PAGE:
What is Adenoid Hypertrophy?
Adenoid hypertrophy (or enlarged adenoids) is the unusual enlargement of the adenoid tonsil. The inflammation is common in children, especially between age group 2-6 years. The enlargement of tissue can be either due to bacterial infection or physiological reason. Adenoids are lymph tissues, similar to tonsils located in the upper air way between the nose and back of the throat. Adenoids are a part of the immune system and help the human body fight against infection.
Adenoids enlarge due to infection but normalize after the infection subsides. However, if they remain enlarged even after the infection has gone, it may create problems. One of the possible treatments is removing them from the body.
Enlarged adenoids can create a lot of problems. Children or person suffering from this disorder breathe through their mouth due to nasal cavity blockage. Breathing through mouth increases during night. The symptoms for the same are:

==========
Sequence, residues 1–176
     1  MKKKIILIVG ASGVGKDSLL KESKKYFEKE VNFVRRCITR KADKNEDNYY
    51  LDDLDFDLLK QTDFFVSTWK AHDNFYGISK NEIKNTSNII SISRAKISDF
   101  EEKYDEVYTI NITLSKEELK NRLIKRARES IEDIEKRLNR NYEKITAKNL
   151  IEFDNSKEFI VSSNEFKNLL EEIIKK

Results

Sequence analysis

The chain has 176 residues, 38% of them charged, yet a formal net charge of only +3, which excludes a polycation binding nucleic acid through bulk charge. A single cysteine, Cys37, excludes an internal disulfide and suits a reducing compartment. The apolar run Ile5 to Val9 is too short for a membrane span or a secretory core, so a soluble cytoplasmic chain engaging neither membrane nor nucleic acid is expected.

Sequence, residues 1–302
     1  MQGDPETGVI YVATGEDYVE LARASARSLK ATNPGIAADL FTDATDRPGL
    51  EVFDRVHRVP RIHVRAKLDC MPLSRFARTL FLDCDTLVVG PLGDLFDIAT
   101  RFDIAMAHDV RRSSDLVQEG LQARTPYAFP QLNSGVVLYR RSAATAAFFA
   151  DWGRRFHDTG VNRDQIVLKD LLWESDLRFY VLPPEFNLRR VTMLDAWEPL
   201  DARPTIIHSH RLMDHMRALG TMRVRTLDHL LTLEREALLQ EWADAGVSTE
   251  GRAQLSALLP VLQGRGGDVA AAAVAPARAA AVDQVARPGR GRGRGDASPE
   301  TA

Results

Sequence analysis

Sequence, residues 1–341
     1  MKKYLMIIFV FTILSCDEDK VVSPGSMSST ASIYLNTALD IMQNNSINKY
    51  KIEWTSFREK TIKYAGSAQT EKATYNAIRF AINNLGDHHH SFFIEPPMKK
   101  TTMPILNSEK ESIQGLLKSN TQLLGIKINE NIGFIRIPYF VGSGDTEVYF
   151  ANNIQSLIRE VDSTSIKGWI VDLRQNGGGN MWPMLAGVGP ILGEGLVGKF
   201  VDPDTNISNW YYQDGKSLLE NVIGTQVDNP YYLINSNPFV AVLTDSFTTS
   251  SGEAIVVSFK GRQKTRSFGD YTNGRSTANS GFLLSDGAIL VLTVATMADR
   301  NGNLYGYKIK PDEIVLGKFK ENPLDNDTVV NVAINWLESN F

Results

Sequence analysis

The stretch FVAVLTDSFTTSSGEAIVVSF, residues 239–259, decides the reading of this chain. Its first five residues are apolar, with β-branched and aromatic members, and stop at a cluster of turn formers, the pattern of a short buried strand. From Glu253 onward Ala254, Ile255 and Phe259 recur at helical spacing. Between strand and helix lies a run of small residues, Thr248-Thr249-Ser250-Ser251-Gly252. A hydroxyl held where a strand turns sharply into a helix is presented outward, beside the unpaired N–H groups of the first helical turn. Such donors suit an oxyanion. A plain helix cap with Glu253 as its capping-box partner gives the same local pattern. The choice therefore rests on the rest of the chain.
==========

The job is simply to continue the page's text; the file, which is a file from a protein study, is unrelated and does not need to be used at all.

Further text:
- Blocked and stuffy nose similar to cold and cough.
- Ear problems such as pain and difficulty in hearing.
- Sleep apnea or irregular breathing during sleep.
- Snoring due to breathing problem.
- Sore throat and difficulty in swallowing.
- Swollen glands in the neck.
- Problems breathing through the nose.
- Glue ear (hearing problems due to fluid buildup in middle ear).
- Cracked lips and dry mouth.
Adenoids help fight against infections. They trap bacteria and virus entering the body through the mouth, causing the tonsils to swell and become inflamed. They return to normal once infections subsides. If they remain enlarged, it may be due to:
- Bacterial infection such as streptococcus.
- Viral infection like adenovirus.
- Can be inborn.
The major risk factors are:
- Recurrent throat infections or tonsils.
- Contact with airborne viruses, germs, and bacteria.
Adenoid enlargement is caused due to infection and allergies. You can prevent development of such condition in your child by giving them a healthy lifestyle that helps fight infections and allergies.